Always Talking, Never Listening: Listen to Me Marlon

by / Aug. 26, 2015 1am EST

In the last few decades of his life, Marlon Brando never missed an opportunity to put down the craft of acting. In the new high-concept documentary Listen to Me Marlon (opening Friday at the Amherst Theatre), Brando gets a post-mortem chance once again to weigh in on acting—praising it at some points and bashing it at others.

His contradictory feelings about the profession he once summarized as “lying for a living” take up a small but significant part of the picture, as they illustrate its main flaw, that you could never rely on the errant-talker that was Brando for a coherent, linear statement on anything. Filmmaker Stevan Riley has done an admirable job of boiling down hundreds of audio cassettes that Brando left behind, the most cogent of which were made for his partially ghosted autobiography Songs My Mother Taught Me. The result has the semblance of a biographical portrait, but Brando’s own intransigence and capricious turns of mind—the same assets that made him both the best but often the laziest actor of his generation—prevent the film from providing a definitive objective portrait of its subject.

Listen to Me Marlon fits snugly into the small but growing class of documentaries that basically illustrate audio material. Riley clearly had the full cooperation of the Brando estate, plus ample financial resources (courtesy of the film’s distribution company, Showtime Films), enabling him to use material from Brando’s most famous films. What seem like several hundred small segments of Brando speaking are overlaid with rare photos and home movies (including color footage of the On the Waterfront set and Brando being mobbed by girls a la Sinatra and Elvis at the Guys and Dolls premiere); these alternate with more pedestrian “country scenes” and chronologically accurate photos and footage of New York City and Los Angeles.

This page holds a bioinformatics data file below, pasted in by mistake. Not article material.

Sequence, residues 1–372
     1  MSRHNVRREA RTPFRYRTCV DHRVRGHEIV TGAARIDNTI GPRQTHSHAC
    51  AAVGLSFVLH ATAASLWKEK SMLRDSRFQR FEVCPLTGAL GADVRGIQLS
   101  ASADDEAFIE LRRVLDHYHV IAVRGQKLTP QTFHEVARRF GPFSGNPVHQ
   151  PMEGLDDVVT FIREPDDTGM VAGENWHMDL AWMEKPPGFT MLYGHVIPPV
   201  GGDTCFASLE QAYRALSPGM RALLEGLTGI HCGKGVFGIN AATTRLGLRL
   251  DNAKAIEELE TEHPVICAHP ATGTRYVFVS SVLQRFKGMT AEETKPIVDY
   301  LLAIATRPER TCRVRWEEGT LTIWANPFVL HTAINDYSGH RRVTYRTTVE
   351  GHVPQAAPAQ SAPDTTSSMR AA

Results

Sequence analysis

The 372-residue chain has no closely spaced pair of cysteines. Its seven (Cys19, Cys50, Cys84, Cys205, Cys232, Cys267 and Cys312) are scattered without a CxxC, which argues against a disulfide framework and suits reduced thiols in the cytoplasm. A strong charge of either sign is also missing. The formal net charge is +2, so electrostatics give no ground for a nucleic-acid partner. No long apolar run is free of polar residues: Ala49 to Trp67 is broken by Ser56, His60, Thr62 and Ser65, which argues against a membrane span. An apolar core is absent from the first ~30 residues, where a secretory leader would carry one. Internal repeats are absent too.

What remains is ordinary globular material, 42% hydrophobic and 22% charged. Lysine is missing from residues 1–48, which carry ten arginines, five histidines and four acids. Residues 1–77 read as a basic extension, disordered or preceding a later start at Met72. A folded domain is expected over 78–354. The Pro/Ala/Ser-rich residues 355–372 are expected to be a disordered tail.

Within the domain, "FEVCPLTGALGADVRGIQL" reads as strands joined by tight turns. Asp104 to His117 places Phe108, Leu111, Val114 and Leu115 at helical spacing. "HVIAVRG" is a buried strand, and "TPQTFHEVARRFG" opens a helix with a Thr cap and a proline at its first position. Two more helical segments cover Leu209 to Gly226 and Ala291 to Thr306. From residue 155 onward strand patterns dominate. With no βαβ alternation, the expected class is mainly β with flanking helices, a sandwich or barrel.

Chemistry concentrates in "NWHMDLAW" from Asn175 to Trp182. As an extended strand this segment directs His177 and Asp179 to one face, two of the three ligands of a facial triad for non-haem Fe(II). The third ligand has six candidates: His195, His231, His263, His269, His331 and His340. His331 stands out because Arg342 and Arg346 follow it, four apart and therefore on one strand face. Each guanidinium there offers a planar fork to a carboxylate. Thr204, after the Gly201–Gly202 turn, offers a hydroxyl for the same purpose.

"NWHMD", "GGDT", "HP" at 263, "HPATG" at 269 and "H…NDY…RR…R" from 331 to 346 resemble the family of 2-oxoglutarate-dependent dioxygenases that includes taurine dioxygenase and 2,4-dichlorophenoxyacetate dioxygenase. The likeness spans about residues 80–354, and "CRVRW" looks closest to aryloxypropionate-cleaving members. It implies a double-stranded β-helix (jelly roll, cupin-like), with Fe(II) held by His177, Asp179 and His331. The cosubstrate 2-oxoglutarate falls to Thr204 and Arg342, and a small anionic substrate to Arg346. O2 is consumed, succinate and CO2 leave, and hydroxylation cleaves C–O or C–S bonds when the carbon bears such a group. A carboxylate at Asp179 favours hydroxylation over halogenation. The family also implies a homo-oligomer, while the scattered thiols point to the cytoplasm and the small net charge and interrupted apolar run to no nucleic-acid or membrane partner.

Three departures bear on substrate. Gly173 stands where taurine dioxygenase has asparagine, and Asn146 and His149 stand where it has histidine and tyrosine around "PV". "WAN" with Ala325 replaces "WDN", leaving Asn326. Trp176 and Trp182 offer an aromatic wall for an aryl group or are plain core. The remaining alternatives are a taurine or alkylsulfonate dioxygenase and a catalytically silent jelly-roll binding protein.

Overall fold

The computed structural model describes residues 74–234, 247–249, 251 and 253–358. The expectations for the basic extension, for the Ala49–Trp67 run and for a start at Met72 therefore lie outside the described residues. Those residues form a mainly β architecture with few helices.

Riley’s attempt to assemble a narrative out of several decades’ worth of tapes means that Brando’s voice ages and then become young again from scene to scene, frequently even from line to line. Thus we hear an aged, weary Brando (he died in 2004 at the age of 80) talking about a topic, followed by a younger, livelier Marlon talking about the same topic with a different tone and cadence. (Even at their most honest, these tapes do comprise “performances” of a kind—watching the film, one is certain he intended for the tapes to be heard by an audience).

The audio montage that Riley has assembled concentrates primarily on Brando speaking about his parents (his father was a hard-ass who never showed signs of affection; his mother a more sensitive alcoholic) and thoughts about subjects that are part of his mythology: his passion for civil rights and the plight of the Native American, his love of the Tahitian people, his sadness that he was such an absent parent, and his loathing for the trappings of fame. Because of the chronological shuffling of the audio materials in the film, one can’t be certain if the older Brando had any positive feelings for his work as an actor; as it stands, Riley puts positive comments about the craft earlier on and places Brando’s condemnations of acting later in the film (“there’s no art…it’s all bullshit”).

Although the film’s attempted chronological structure should make it a decent “101” for those who only know Brando from The Godfather and the iconic images from his early Fifties movies, Listen to Me Marlon will be best enjoyed by those viewers who know his work well. The only non-fans who will be truly interested are younger actors who might be interested by the little gems of advice that crop up in Brando’s verbal rambling (“you have to know your subject…you have to know your character”) and comments about the creation of his best-known roles (Stanley Kowalski, Terry Malloy, Don Corleone, and Paul from Last Tango in Paris).

The main impression left by Listen to Me Marlon is that, despite his wealth and publicly blasé attitude, Brando was extremely unhappy. This lends a bittersweet, almost Citizen Kane-ish aspect to the way in which the film is framed: Riley begins and ends the film with taped experiments in self-hypnosis in which Brando tried to calm himself down and welcome sleep by remembering isolated happy incidents from his childhood.